Evolving Data Centers Face Cabling Installation Challenges

May 28, 2019
Sponsored by Digi-Key and Molex: Designers in this new age of the data center must cope with demands of higher speeds and less power consumption, let alone larger networks, and are on the hunt for new and unique solutions.

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Greater investments in data-center cabling installations, the use of artificial intelligence (AI) and convergence technologies, and edge computing are major trends in the ongoing transformation of the data center. Their use is providing an impetus to advanced hyper-scale cloud-computing environments.

According to optical researchers, the global hyper-scale data-center market size is expected to grow from $25.08 billion in 2017 to $80.65 billion by 2022. Established businesses competing with web-scale businesses can’t afford to be constructed by legacy technologies. To remain competitive, they must build new platforms and invest in the next-generation Internet Protocol (IP) infrastructure.

Major industry giants like Google, Microsoft, Facebook, Apple, Alibaba, and Tencent are getting that message and preparing for this trend. To get a sense of this shift, one need only look at the incredible growth of Gigabit Ethernet switch port shipments being cited for 25 to 100 Gigabit Ethernet (GBE).

At this year’s Optical Networking and Communication Conference and Exhibition (OFC), experimental fiber channels using 100G multimode optical transceivers over multimode dispersion fibers were shown. The work demonstrates that OM4 multimode fibers with dispersion compensation can achieve similar or longer reaches than OMS multimode fibers.

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A review and forecast of server shipments over the last several years by the Dell’Oro Group showed that 1 GbE connections are gradually replaced by 10 GbE connections in the small medium enterprises (SME) and that the High-end Enterprise and Cloud markets are adopting 25 GbE connections.  Even faster Ethernet connections, such as 50 and 100 GbE, are expected to be deployed to the top four cloud service providers – Google, Amazon, Microsoft, and Facebook – over the next two to three years as these companies upgrade their networks.

Edge Computing Gains Traction

The edge-computing paradigm brings computer data storage closer to the location where it’s needed. Computation is largely or completely performed on distributed device nodes. The aim is that any application or general functionality needs to be closer to the source of the action where distributed systems technology is performed in the physical world. Although edge computing doesn’t need contact with any centralized cloud, it may interact with one.

Edge computing is driving efficient bandwidth utilization and minimizing connections and physical reach (distance), which introduce latency into the infrastructure. Together with other data growth areas, edge-computing applications will generate petabytes of data, daily, by 2020. Systems that intelligently process data to create a business advantage will be essential to future prosperity.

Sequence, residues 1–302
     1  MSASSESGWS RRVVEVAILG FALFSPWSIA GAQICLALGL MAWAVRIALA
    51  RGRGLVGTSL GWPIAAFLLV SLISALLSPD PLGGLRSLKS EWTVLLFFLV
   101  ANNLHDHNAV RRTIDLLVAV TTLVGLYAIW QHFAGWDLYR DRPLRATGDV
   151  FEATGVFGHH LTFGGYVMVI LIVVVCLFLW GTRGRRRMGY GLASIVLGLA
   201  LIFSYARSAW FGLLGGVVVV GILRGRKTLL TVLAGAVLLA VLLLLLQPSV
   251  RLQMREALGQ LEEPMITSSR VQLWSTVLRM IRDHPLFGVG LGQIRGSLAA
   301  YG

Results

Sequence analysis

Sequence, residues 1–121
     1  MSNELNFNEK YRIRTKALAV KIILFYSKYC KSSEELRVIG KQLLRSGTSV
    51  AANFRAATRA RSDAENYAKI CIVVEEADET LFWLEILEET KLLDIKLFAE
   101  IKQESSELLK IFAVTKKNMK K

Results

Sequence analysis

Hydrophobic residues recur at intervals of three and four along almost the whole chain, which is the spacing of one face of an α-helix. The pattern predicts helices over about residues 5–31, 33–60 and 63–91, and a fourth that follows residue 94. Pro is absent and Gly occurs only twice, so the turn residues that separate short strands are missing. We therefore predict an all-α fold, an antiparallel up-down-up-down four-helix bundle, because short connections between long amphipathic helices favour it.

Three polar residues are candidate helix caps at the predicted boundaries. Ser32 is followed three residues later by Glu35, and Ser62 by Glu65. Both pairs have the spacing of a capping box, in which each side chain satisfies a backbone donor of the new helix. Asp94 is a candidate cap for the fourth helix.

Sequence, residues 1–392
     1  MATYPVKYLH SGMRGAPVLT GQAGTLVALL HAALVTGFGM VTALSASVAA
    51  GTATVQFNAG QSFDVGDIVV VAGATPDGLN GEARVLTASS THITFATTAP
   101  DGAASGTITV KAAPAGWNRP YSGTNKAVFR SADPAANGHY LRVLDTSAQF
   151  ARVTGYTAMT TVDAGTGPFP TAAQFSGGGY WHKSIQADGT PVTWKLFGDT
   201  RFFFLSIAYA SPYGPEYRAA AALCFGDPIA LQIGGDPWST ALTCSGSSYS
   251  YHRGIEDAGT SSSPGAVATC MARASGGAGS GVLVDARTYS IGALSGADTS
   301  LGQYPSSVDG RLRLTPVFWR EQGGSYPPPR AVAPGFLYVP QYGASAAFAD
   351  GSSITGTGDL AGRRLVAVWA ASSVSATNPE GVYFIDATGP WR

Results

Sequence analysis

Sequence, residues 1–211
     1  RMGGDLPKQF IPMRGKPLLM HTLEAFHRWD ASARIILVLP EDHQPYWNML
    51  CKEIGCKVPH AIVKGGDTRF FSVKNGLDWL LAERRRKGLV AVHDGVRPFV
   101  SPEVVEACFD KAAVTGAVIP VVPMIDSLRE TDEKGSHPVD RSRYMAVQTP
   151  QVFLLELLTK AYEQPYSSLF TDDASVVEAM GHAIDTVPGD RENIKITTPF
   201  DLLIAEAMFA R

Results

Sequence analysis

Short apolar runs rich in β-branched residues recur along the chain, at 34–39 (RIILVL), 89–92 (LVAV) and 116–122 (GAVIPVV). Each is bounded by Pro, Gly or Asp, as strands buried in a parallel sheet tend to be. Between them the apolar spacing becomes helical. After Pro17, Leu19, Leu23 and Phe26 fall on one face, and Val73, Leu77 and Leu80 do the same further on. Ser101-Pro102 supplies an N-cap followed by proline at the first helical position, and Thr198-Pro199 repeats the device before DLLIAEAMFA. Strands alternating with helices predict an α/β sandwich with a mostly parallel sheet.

The evolution of more sophisticated and advanced data centers is presenting data-center managers with greater challenges in how to select and maintain the correct cabling setup. That’s the opinion of Ron Gruen, senior enterprise specialist and Russell Kirkland, senior systems engineer at Corning Inc.

They recognize that technology in the data center is changing, making it tougher to choose the right cable and cabling system, and realizing that fiber-optic cables are becoming the choice for interconnecting data centers. Molex and other cable and connector firms are working closely with optical fiber manufacturers to achieve this goal.

Ingenious Testing

Molex was asked by a leading wireless telecommunications company to help develop a method for testing and managing high-density MPO optical cable assemblies. Its ultimate solution allows for the testing, cable identification, and management of high-density interconnects—and honors the customer’s request to illuminate the cable runs to a specific cable.

The LumaLink Optical Trace Cable Assembly illuminates the cable, combining optical cables and an electroluminescent wire. But this method was also faced with the challenge of providing power to the cable to illuminate it. To solve that challenge, a magnetic power connection illuminates the cable, from origin to endpoint, making specific cables easily and quickly identifiable, without any increase in cable diameter

Another challenge was to keep the cable’s diameter the same to make it easier to fit into its existing location and faster for technicians to trace them. This simplifies cable identification and management, especially for density interconnects (Fig. 1).

1. Molex’s LumaLink optical trace cable assembly, which illuminates the cable, combines optical cables and an electroluminescent wire.

There’s a financial angle to this—lost revenue is one large factor. Nearly all companies have websites. Yet delays in web user response equates to an 11% loss of page views and 7% fewer conversions in merging 5-GBE systems (Fig. 2).

2. Global server systems are growing in speed with 100 GE on the horizon. (Source: Dell’Oro Group)

As can be seen, 1G connections are quickly becoming relics, and soon 10G will all but disappear. 25G transceivers currently have a foothold in the market, but they should be eclipsed by 50G over the next few years. In addition, many hyper-scale and cloud data centers are expected to be early adopters of 100G server speeds. These higher server speeds can be supported by either two-fiber transceivers of equal data rates or parallel-optic transceivers of 40, 100, 200 and 400G at the switch, utilizing parallel optics and breakout capabilities.